This section describes the following Access Manager features:
The Administration Console is the central configuration and management tool for the product. It is a modified version of iManager that can be used only to manage the Access Manager components. It contains an Overview option, which allows you to assess the health of all Access Manager components.
Figure 1-3 Novell Access Manager Overview Page
It also allows you to configure and manage each component, and allows you to centrally manage resources, such as policies, hardware, and certificates, which are used by multiple components.
The Identity Server is the central authentication and identity access point for all other services. It is responsible for authenticating users and distributing role information to facilitate authorization decisions. It also provides the Liberty Alliance Web Service Framework to distribute identity information.
An Identity Server always operates as an identity provider and can optionally be configured to run as an identity consumer (also known as a service provider), using either Liberty, SAML 1.1, or SAML 2.0 protocols. As an identity provider, the Identity Server validates authentications against the supported identity user store, and is the heart of the user’s identity federations or account linkage information.
In an Access Manager configuration, the Identity Server is responsible for managing:
Authentication: Verifies user identities through various forms of authentication, both local (user supplied) and indirect (supplied by external providers). The identity information can be some characteristic attribute of the user, such as a role, e-mail address, name, or job description.
Identity Stores: Links to user identities stored in eDirectory™, Microsoft* Active Directory*, or Sun ONE* Directory Server.
Identity Federation: Enables user identity federation and provides access to Liberty-enabled services.
Account Provisioning: Enables service provider account provisioning, which automatically creates user accounts during a federation request.
Custom Attribute Mapping: Allows you to define custom attributes by mapping Liberty Alliance keywords to LDAP-accessible data, in addition to the available Liberty Alliance Employee and Person profiles.
SAML Assertions: Processes and generates SAML assertions. Using SAML assertions in each Access Manager component protects confidential information by removing the need to pass user credentials between the components to handle session management.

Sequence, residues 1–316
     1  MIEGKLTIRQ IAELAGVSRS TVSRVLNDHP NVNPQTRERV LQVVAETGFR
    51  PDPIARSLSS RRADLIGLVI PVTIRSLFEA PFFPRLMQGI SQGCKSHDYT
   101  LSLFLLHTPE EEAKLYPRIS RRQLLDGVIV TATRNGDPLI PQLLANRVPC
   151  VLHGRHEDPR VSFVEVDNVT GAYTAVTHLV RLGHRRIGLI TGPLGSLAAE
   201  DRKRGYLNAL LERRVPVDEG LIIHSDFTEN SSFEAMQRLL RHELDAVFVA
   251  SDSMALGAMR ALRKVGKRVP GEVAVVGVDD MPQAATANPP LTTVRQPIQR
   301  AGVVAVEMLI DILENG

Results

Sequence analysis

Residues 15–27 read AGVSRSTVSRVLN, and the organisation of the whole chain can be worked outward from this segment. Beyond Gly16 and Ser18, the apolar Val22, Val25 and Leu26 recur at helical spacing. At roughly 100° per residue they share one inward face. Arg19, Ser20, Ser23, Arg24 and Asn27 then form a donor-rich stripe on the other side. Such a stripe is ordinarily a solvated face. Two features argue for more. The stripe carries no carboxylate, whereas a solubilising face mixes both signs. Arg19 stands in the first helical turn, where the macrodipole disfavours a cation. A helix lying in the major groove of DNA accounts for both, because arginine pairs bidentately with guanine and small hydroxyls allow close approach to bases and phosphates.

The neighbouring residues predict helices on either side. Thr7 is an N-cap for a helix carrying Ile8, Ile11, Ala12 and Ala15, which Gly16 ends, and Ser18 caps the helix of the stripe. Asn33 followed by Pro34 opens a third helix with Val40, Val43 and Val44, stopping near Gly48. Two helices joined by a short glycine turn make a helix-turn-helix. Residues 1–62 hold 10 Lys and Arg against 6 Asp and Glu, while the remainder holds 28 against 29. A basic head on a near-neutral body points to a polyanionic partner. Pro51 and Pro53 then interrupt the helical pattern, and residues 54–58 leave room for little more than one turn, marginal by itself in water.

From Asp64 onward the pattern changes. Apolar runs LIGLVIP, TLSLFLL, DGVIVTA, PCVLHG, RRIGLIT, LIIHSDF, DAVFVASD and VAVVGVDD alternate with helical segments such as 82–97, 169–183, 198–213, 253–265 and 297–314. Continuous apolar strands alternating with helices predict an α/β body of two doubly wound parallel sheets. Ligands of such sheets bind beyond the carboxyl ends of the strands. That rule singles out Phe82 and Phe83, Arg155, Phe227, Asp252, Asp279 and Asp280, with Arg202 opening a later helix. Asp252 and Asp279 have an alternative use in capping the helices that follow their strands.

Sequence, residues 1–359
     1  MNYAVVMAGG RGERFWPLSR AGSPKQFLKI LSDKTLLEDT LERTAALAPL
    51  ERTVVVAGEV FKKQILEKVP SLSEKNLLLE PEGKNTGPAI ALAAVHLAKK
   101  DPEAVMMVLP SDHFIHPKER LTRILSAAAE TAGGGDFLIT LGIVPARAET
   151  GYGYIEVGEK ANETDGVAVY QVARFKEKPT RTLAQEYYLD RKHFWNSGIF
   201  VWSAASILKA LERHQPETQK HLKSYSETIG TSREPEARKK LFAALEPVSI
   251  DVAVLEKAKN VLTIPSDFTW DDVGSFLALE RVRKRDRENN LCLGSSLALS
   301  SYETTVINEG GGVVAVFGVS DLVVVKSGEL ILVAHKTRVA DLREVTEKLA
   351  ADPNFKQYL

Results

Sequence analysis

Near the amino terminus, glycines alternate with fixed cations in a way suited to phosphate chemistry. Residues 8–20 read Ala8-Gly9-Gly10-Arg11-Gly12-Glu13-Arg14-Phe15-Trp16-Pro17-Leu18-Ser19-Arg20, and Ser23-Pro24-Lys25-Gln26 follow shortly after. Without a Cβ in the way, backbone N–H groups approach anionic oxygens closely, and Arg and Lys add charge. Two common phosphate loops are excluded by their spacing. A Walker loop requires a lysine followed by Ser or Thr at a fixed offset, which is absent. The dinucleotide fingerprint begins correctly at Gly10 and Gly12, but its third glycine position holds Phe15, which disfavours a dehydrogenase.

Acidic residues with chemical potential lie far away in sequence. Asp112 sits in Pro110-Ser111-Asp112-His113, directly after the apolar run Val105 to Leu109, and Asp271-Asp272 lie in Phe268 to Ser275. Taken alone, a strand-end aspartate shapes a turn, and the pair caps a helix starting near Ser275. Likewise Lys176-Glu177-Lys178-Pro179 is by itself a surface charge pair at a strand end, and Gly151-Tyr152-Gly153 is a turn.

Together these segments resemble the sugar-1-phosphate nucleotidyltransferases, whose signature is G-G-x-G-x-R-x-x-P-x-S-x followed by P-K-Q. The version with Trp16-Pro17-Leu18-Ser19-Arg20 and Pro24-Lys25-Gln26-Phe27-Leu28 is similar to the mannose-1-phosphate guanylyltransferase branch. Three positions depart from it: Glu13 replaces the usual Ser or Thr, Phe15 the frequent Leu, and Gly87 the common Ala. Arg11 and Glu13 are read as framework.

Single Sign-on and Logout: Enables users to log in only once to gain access to multiple applications and platforms. Single sign-on and single logout are primary features of Access Manager and are achieved after the federation and trust model is configured among trusted providers and the components of Access Manager.
Access Gateway Integration: Provides authentication and identity services to Access Gateways that are configured to protect Web servers, Java* applications, and SSL VPN. The Access Gateway and other Access Manager components include an embedded service provider that is trusted by Novell Access Manager Identity Servers.
Roles: Provides RBAC (role-based access control) management. RBAC is used to provide a convenient way to assign a user to a particular job function or set of permissions within an enterprise, in order to control access. The identity provider service establishes the active set of roles for a user session each time the user is authenticated. Roles can be assigned to particular subsets of users based on constraints outlined in a role policy. The established roles can then be used in authorization policies and J2EE* permissions, to form the basis for granting and restricting access to particular Web resources.
Clustering: Adds capacity and failover management. An Identity Server can be a member of a cluster of Identity Servers, and the cluster is configured to act as a single server. An Access Gateway can be a member of a group of Access Gateways, and the group is configured to act as a single server.
For an overview of Liberty, see Novell Access Manager 3.0 SP4 Administration Guide.